Friday, August 31, 2012

California Lottery now publishing surveillance photos of "apparent" lottery winners

Their excuse for publishing the image of the man they think has a $52 million lottery ticket:
"We see this as an integrity and transparency issue," said Russ Lopez, California Lottery Deputy Director of Corporate Communications, in a statement. “The California Lottery truly believes that when a person buys a lottery ticket with the hope and prayer of changing their lives, we should do all we can to connect them with their winnings. We believe this effort will make a lot of Californians very happy.”
Gosh, it's swell of the California Lottery to let what's-his-face know, in the most invasive and hamfisted way possible, that he's a winner — except that he already knows that, as lottery officials have also alerted the media to the fact that the winning ticket holder has evidently checked his ticket several times at various machines.
     What's really happening isn't a "transparency issue," obviously, but a quasi-government agency employing tabloid journalism tactics to further publicize and promote its ultra-long-shot gambling product, which Warren Buffett once called "a tax on the stupid."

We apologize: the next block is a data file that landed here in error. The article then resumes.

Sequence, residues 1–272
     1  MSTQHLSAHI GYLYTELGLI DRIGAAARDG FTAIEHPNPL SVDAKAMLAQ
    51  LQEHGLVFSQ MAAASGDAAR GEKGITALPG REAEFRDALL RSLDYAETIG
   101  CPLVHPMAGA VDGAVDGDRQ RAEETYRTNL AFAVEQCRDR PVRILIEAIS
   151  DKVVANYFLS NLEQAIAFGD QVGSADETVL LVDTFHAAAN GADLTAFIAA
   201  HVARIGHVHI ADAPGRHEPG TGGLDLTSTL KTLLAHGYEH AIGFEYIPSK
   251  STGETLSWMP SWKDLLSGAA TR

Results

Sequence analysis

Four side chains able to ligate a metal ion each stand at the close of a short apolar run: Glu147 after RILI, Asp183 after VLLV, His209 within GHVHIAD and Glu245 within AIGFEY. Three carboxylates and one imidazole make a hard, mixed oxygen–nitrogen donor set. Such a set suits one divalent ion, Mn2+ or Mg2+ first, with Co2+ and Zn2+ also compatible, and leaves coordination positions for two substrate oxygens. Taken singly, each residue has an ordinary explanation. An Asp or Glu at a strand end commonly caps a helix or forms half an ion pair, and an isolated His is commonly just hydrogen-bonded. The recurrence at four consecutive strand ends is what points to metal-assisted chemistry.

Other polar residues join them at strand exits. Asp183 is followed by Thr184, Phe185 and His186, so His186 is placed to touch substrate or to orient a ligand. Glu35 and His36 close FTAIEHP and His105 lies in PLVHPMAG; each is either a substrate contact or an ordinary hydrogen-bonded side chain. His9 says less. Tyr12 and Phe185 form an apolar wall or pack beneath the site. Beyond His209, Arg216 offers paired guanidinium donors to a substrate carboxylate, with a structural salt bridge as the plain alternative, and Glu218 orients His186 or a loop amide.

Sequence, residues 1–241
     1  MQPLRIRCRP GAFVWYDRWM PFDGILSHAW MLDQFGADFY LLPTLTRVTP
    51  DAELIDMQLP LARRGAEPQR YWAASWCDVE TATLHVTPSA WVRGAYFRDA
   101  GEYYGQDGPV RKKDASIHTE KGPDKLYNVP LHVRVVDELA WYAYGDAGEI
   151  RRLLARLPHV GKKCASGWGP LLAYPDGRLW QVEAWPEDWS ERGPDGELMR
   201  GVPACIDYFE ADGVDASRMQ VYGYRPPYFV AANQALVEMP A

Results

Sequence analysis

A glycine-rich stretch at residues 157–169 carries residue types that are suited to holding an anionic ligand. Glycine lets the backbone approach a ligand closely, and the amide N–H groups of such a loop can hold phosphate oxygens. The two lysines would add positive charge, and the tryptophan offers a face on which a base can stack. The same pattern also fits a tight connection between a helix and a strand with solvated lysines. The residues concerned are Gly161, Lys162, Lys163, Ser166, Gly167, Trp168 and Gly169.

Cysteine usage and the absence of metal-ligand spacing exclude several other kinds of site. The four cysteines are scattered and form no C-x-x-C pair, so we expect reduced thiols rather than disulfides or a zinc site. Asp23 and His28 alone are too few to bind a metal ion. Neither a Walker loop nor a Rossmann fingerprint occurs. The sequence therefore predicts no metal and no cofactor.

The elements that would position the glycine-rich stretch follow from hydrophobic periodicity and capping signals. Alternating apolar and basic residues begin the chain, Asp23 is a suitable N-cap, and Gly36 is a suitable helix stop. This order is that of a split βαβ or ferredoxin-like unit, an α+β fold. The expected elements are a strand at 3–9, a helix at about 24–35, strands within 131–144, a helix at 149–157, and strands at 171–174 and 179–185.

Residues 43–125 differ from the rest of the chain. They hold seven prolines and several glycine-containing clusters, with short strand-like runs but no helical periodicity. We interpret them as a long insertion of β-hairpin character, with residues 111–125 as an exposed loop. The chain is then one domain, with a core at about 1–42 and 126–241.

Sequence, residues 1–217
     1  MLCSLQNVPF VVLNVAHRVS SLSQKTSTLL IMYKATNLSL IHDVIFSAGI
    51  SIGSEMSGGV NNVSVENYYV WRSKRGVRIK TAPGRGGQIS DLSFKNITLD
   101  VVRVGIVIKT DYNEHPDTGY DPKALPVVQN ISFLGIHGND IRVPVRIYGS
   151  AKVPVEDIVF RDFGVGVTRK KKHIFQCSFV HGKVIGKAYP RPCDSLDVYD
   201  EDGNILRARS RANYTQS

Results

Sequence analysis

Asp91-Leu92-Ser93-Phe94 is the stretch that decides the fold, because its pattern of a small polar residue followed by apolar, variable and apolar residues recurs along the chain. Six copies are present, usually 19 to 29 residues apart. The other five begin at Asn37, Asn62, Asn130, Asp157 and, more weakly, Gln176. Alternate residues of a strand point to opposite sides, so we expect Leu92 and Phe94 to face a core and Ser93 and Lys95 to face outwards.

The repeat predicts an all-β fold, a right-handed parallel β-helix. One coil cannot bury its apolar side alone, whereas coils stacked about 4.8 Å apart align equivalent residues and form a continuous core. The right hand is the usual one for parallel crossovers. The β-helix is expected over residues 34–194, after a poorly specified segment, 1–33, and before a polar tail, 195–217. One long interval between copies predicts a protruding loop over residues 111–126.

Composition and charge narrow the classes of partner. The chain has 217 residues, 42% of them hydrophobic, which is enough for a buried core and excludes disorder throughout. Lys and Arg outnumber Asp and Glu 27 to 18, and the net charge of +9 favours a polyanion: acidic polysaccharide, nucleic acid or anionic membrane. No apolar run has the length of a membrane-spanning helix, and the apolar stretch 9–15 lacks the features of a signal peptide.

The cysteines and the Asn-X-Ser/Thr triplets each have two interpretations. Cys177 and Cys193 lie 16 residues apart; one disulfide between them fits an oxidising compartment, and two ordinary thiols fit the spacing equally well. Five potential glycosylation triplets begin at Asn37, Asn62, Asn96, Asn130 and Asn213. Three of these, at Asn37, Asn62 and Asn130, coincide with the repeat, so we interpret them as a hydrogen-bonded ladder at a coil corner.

So know this if you buy a winning lottery ticket in California: You may wish to remain anonymous while getting your affairs in order and consulting with attorneys (and perhaps having an attorney claim the ticket for your trust so that every grasping friend and relative and burglar and stalker and grifter won't come after you) but the California Lottery may decide to veto your sensible choice and release security camera footage of you to the entire world, as if you were a bank robber.

1 comment:

  1. Thank you for your post. You're completely right.